Considering how Rupert Murdoch‘s Fox News is so rabidly pro-Bush, it’s somewhat surprising to learn that his Sunday Times has been conducting an investigation designed to politically harm Vice President Dick Cheney.
Everyone knows that Cheney’s connection to oil company Halliburton sounds a tad dodgy, especially considering the fact that his former employer is now the biggest private contractor for the US armed forces, but The Sunday Times has uncovered evidence that the company is also flaunting US trade sanctions, and has been supplying Iran – part of the axis of evil – with oil drilling equipment for the last nine years. Coincidentally, it was nine years ago that Dick Cheney became Chairman and CEO of the company…
In case it gets moved to the subscription-only section, here is an edited-down (and slightly re-arranged) version:
A Sunday Times investigation has established that Halliburton has been supplying Iran with oil drilling equipment through its companies based in Arbroath and Leatherhead.
The exports ï¿½ estimated to be worth more than ï¿½30m a year ï¿½ have continued despite sanctions introduced by the US government nine years ago barring Americans from trading or ï¿½facilitatingï¿½ business with the Islamic state.
The subsidiaryï¿½s trade with Iran soared after Cheney took over as chief executive of Halliburton in 1995. Last year it shipped more than $6m in drilling equipment and goods to Iran, but trade has grown substantially this year. The Sunday Times has learnt that the company has orders worth $2.6m for October alone.
Although he resigned as Halliburtonï¿½s chief executive four years ago, Cheney has retained a substantial interest, owning an estimated $18m (ï¿½10m) in share options… He earned $44m during his tenure at Halliburton and continues to collect deferred compensation worth approximately $150,000 a year as well as the options he retains.
Halliburton’s trade with Iran was acknowledged in a confidential letter from Halliburton to one of its shareholders in October last year. It listed five subsidiaries involved: three in Britain, one in the Cayman Islands and another in Sweden.
The company said the contracts were not a breach because the subsidiaries were operating independently and no US citizens had carried out or ï¿½facilitatedï¿½ the work.
However, inquiries by The Sunday Times have revealed that the company does appear to be flouting sanctions because some goods and equipment supplied to Iran were manufactured and designed in America.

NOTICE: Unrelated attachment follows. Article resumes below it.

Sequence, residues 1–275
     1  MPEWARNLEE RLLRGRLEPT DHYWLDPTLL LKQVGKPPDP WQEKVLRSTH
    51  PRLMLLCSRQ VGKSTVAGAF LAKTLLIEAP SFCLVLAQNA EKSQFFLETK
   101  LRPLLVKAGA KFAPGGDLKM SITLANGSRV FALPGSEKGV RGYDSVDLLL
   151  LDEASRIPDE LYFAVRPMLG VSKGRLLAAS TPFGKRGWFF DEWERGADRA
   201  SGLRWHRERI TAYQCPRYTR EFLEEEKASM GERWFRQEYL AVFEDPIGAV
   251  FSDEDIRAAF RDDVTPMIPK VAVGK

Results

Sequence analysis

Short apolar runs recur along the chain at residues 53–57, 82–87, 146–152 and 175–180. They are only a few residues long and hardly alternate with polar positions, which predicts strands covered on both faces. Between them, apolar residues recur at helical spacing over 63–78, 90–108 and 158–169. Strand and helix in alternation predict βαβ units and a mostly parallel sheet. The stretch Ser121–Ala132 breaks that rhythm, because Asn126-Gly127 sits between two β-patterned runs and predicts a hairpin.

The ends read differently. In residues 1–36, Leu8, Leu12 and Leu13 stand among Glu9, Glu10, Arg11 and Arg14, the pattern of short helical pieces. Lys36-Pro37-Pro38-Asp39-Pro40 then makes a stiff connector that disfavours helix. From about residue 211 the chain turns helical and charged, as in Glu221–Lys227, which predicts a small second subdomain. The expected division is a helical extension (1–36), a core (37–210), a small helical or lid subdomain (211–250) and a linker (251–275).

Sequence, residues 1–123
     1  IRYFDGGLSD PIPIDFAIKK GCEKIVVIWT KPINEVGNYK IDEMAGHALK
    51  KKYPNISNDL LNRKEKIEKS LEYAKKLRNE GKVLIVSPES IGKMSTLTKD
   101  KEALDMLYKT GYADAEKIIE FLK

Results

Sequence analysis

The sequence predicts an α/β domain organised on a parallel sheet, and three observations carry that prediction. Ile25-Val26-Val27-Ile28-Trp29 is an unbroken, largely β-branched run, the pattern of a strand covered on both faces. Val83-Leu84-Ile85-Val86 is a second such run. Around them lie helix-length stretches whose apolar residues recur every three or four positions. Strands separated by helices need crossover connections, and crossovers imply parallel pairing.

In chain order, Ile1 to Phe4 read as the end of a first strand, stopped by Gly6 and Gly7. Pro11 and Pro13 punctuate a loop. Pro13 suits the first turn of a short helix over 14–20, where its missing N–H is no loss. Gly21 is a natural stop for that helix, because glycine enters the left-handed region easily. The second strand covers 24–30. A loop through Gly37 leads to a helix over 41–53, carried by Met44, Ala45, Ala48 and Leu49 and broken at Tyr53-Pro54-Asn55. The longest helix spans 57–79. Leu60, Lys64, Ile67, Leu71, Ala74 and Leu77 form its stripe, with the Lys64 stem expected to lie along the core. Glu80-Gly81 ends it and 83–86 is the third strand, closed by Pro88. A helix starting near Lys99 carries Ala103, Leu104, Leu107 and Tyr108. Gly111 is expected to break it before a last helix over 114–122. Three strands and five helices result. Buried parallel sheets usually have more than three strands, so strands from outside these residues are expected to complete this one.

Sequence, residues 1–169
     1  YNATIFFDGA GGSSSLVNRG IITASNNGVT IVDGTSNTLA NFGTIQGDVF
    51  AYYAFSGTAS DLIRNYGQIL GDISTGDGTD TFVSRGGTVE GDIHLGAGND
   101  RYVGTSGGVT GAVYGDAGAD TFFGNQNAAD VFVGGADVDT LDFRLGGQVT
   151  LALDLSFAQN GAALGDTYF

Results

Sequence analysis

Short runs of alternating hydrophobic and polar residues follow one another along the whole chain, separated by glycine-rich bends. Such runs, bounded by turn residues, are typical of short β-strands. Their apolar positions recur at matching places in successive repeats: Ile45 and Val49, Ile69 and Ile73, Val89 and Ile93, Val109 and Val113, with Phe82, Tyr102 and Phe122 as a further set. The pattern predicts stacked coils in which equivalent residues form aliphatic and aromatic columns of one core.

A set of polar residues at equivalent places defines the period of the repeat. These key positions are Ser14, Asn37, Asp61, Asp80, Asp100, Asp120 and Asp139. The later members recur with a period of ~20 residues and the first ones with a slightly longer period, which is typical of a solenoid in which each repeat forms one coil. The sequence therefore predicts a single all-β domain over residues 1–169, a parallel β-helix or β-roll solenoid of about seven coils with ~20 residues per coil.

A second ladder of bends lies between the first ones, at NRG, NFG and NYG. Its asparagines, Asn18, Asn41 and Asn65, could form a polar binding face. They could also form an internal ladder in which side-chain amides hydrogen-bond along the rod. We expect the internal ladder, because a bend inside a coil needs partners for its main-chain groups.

The exports range from high specification oil drilling equipment, such as pumps, castings and ï¿½hole completion screensï¿½, to domestic toiletries. They are imported into Britain from the United States by Halliburton Manufacturing and Services Limited (HMSL) in Arbroath. According to company insiders, the goods are then shipped on to Iran.
The company believes this is not a breach of the sanctions because it is supplying Britain with what it calls ï¿½stock itemsï¿½, rather than equipment that was deliberately earmarked for Iran.
The Arbroath subsidiary is one of the areaï¿½s biggest employers, and Iran is a growing market for its engineering and manufacturing services.
The unit makes high-grade drilling, boring and well completion tools and equipment. But according to company insiders, they are made to Halliburtonï¿½s US designs with cosmetic modifications to make them appear British.
A former director of HMSL said the Arbroath subsidiary in fact reported directly to senior Halliburton staff at its US manufacturing base in Duncan, Oklahoma. ï¿½Our firm in Arbroath is a manufacturing base, so it reported to our main manufacturing base in the US,ï¿½ he said.
Another senior figure at Arbroath said: ï¿½There is a dotted line from Arbroath to the US because it is a wholly-owned subsidiary of an American company. We are a part of the Halliburton organisation and at some point everybody reports back to the US.ï¿½
These latest disclosures come as the company faces fraud, corruption and overcharging inquiries in the US, France and Nigeria. President Bush has ordered an investigation into the firm following allegations that it overcharged the American government by $90m to supply equipment for troops in Iraq and to revive the countryï¿½s war-damaged oil industry.
The companyï¿½s trade with Iran is already being investigated by the FBI for a federal grand jury inquiry ordered by the US Justice Department.
The company has already been fined $7.5m by the US Securities and Exchange Commission for secretly changing its accounting practices, which resulted in exaggerated earnings. The charges amounted to misleading shareholders about the value of the company and related to accounting practices in 1998 when Cheney was chief executive.
If the company is found to have broken sanctions, former or current Halliburton executives could face penalties of up to 10 years in prison and fines of up to $50,000.
Cheney could well be screwed. Couldn’t happen to a nicer fella…
Update: Rising Hegemon has more on axis of evil corruption – including the news that Halliburton has received $18million of “reparations” from Iraq since the ousting of Saddam Hussein…